Audio skimmer for Diebold ATMs
Nov. 23, 2010: Crooks Rock Audio-based ATM Skimmers – TheEuropean ATM Security Team(EAST) found that 11 of the 16 European nations covered in the report experienced increases in skimming attacks last year. EAST noted that in at least one country, anti-skimming devices have been stolen and converted into skimmers, complete with micro cameras used to steal PINs. EAST said it also discovered that a new type of analogue skimming device — using audio technology — has been reported by five countries, two of them “major ATM deployers” (defined as having more than 40,000 ATMs).
A GSM-based ATM card skimmer.
Dec. 13, 2010: Why GSM-based ATM Skimmers Rule …So, after locating an apparently reliable skimmer seller on an exclusive hacker forum, I chatted him up on instant message and asked for the sales pitch. This GSM skimmer vendor offered a first-hand account of why these cell-phone equipped fraud devices are safer and more efficient than less sophisticated models — that is, for the buyer at least (I have edited his sales pitch only slightly for readability and flow).
Jan. 17, 2011: ATM Skimmers, Up Close…I wasn’t sure whether I could take this person seriously, but his ratings on the forum — in which buyers and sellers leave feedback for each other based on positive or negative experiences from previous transactions — were good enough that I figured he must be one of the few people on this particular forum actually selling ATM skimmers, as opposed to just lurking there to scam fellow scammers.
Jan. 31, 2011: ATM Skimmers That Never Touch the ATM….Media attention to crimes involving ATM skimmers may make consumers more likely to identify compromised cash machines, which involve cleverly disguised theft devices that sometimes appear off-color or out-of-place. Yet, many of today’s skimmer scams can swipe your card details and personal identification number while leaving the ATM itself completely untouched, making them far more difficult to spot.
Feb. 16, 2011: Having a Ball With ATM Skimmers …On February 8, 2009, a customer at an ATM at a Bank of America branch in Sun Valley, Calif., spotted something that didn’t look quite right about the machine: A silver, plexiglass device had been attached to the ATM’s card acceptance slot, in a bid to steal card data from unsuspecting ATM users. But the customer and the bank’s employees initially overlooked a secondary fraud device that the unknown thief had left at the scene: A sophisticated, battery operated and motion activated camera designed to record victims entering their personal identification numbers at the ATM.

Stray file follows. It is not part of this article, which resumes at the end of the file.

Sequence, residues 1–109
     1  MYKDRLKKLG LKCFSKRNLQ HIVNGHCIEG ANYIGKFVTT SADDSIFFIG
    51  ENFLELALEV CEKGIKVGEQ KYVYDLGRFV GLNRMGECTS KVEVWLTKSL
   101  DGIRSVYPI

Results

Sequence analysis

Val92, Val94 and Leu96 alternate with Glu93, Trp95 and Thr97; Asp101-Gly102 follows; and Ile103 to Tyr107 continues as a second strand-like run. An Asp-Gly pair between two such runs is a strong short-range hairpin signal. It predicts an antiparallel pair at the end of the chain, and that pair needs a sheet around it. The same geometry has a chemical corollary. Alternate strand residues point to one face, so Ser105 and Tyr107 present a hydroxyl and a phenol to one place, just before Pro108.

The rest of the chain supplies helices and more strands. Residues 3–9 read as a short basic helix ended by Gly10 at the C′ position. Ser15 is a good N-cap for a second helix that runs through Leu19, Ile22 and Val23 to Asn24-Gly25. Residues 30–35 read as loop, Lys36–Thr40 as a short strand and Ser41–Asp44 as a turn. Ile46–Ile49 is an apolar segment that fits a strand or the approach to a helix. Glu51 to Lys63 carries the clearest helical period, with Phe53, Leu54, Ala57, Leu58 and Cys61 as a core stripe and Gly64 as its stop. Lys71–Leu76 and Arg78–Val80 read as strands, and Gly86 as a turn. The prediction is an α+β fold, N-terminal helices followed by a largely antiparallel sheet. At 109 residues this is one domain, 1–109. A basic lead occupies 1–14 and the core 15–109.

Mar. 11, 2011: Green Skimmers Skimming Green…To combat an increase in ATM fraud from skimmer devices, cash machine makers have been outfitting ATMs with a variety of anti-skimming technologies. In many cases, these anti-skimming tools take the shape of green or blue semi-transparent plastic casings that protrude from the card acceptance slot to prevent would-be thieves from easily attaching skimmers. But in a surprising number of incidents, skimmer scammers have simply crafted their creations to look exactly like the anti-skimming devices.
April 10, 2001: ATM Skimmers: Hacking the Cash Machine…Most of the ATM skimmers I’ve profiled in this blog are comprised of parts designed to mimic and to fit on top of existing cash machine components, such as card acceptance slots or PIN pads. But sometimes, skimmer thieves find success by swapping out ATM parts with compromised look-alikes.
This paper-thin membrane fits under the real PIN pad.
May 18, 2011: Point-of-Sale Skimmers: Robbed at the Register …Michaels Stores said this month that it had replaced more than 7,200 credit card terminals from store registers nationwide, after discovering that thieves had somehow modified or replaced machines to include point of sale (POS) technology capable of siphoning customer payment card data and PINs. The specific device used by the criminal intruders has not been made public. But many devices and services are sold on the criminal underground to facilitate the surprisingly common fraud.
3D printer firm i.materialise received and promptly declined orders for these skimmer devices.
Sept. 20, 2011: Gang Used 3D Printers for ATM Skimmers …An ATM skimmer gang stole more than $400,000 using skimming devices built with the help of high-tech 3D printers, federal prosecutors say. Apparently, word is spreading in the cybercrime underworld that 3D printers produce flawless skimmer devices with exacting precision. In June, a federal court indicted four men from South Texas (PDF) whom authorities say had reinvested the profits from skimming scams to purchase a 3D printer.
An audio skimmer for a Diebold ATM.
Oct. 13, 2011: ATM Skimmer Powered by MP3 Player …Almost a year ago, I wrote about ATM skimmers made of parts from old MP3 players. Since then, I’ve noticed quite a few more ads for these MP3-powered skimmers in the criminal underground, perhaps because audio skimmers allow fraudsters to sell lucrative service contracts along with their theft devices. The vendor of this skimmer kit advertises “full support after purchase,” and “easy installation (10-15 seconds).” But the catch with this skimmer is that the price tag is misleading. That’s because the audio files recorded by the device are encrypted. The Mp3 files are useless unless you also purchase the skimmer maker’s decryption service, which decodes the audio files into a digital format that can be encoded onto counterfeit ATM cards.